Getting Self-publishing Savvy! Things I wish I’d known before publishing Just Say It!


22 Aug
22Aug

It’s been three months since Just Say It hit the electronic bookshelves. Since then, I may think I’m getting a bit more self-publishing savvy, but I’ve been learning from my mistakes – there are so many things I wished I had known before I hit the publish button.It’s time to move on and stop worrying about how many people may or may not read and focus on finishing my next novel, but this time around, I won’t be making the same mistakes, both with the writing process and being more aware of the pitfalls of self-publishing.Once you hit the self-publishing button, there is no going back. One moment you are in the middle of a lengthy eye-watering proofread; the next, you are drowning in a vast ocean of books, trying everything you can to get recognition for your firstborn novel in the crush of the 45 million wannabe best sellers already out there, and the thousands of new titles published every day. However well you prepared you thought you were, it is while you are floundering around in the wake of other hot of the press novels that all the things you didn’t know about self-publication start rearing their irritating heads. Post-publication, much of what I have learned has been from other Indie authors – notably Dreena Collins, AKA Jane Harvey and Becci Murray of Llama House Children’s Books. I am very grateful to them both.

Next time around, I will be doing things very differently.First up… I’ve stopped being a total pantser!My approach to writing the second novel has changed. I’ve always been a total pantser. I used to find the slapdash approach to writing exhilarating. Freewheeling 100,000 plus words with Just Say It was fun, but it took me twice the amount of time to finish it because I wasn’t happy with the timeline of the story – I still have my doubts. So it took several lengthy rewrites to restructure and fill in multiple plot holes, and it took me five years. Even after all that time, I still needed Deb Sutton’s editorial expertise and tough love to push me over the line.In between writing Just Say It by the seat of my pants, I was writing short stories during downtime, and one of them made the longlist of the 2018/2019 Fiction Factory competition.  An Honest Review was about a writers group somewhere in the Home Counties. I loved all the characters and feeling buoyed by the short story making the longlist; I kept going, and it has evolved into novel number two, The Secret Lives of the Doyenne of Didsbrook, which I am hoping to launch in December 2021.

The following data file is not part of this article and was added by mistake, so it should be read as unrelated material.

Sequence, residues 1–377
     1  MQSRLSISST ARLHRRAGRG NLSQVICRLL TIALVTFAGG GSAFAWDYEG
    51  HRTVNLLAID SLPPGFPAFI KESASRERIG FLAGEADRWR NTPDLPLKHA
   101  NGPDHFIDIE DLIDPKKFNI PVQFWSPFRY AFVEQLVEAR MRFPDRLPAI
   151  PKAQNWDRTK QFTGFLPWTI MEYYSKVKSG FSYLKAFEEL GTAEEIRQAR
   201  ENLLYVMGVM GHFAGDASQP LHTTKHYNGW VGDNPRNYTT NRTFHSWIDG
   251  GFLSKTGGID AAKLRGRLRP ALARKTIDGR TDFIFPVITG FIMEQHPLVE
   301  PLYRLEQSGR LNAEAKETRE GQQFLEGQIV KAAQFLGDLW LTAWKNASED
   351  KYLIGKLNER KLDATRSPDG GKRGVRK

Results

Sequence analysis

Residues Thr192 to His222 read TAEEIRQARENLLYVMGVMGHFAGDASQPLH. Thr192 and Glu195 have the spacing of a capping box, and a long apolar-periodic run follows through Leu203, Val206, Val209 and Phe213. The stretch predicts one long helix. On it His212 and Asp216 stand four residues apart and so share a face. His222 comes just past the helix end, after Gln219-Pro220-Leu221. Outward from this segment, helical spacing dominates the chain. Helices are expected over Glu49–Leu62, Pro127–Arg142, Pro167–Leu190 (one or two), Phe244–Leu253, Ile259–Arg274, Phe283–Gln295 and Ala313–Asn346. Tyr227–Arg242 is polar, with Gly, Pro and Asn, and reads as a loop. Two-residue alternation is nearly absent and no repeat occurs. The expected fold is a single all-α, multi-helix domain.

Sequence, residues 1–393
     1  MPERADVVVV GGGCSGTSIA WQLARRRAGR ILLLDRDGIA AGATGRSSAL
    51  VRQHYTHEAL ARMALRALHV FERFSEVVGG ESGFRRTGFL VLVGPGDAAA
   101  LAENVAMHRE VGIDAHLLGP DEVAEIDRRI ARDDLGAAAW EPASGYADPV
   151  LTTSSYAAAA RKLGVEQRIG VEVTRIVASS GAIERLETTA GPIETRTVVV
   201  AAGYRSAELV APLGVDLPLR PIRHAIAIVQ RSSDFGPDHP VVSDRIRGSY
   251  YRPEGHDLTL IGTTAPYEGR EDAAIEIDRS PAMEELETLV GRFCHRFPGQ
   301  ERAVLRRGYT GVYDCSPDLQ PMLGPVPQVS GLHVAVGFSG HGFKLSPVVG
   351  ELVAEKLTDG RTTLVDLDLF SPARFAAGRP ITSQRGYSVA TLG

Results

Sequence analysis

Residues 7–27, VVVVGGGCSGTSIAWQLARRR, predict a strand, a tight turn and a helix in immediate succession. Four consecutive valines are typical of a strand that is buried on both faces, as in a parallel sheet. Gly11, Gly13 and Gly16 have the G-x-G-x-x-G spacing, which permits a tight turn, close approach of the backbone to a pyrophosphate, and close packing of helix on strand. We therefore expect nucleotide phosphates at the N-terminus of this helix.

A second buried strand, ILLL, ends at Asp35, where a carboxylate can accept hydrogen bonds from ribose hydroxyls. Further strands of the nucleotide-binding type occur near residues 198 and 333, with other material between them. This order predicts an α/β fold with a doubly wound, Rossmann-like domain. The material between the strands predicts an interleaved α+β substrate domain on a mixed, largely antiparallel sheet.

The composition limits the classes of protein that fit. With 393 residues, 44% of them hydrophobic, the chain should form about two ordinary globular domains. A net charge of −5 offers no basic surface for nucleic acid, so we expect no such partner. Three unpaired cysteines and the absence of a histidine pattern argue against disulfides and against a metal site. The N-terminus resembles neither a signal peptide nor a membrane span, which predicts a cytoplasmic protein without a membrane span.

All the things I didn’t know about when I published Just Say It, that won’t be happening again!The list is endless! I thought I had marketing/promotion plan, but it was lacking in so many respects. I think I was so focused on getting it out there that I didn’t allow any time to concentrate on what I needed to do once it hit the electronic bookshelves.

Pre-publication Check List

Find Beta Readers to read final draftsFind a professional editor. I do know authors who edit their own books – but I am not one of them 

Consider Ingram Spark</a> as an alternative publishing platform

Make the book available for pre-order on Amazon or Ingram SparkLine up ARC readers before publication and encourage them to reviewPost-publication Check ListOrganise virtual book tour – I didn’t have one, how silly was that? Especially when I’ve been involved in book tours on behalf of others in the pastSign up to Neilsen Book as soon as you have an ISBN, send a copy of you book to the Legal Deposit Office of The British Library within one month of publication.  It is a legal requirement I had no idea about.

Organise book signings – COVID-19 has scuppered too many over the last two yearsGet yourself on the local radio and wax lyrical about your book

Give talks to local groups.


Things that I won’t be doing next time around

Signing up to Reedsy Discovery AFTER publishing the book was A Reedsy reviewer picked up Just Say It within days of uploading it there, but they put it back in the pool over a month later because they didn’t have time to review it.

I’m still learning, so if I’ve forgotten anything, please let me know. In the meantime… keep writing.

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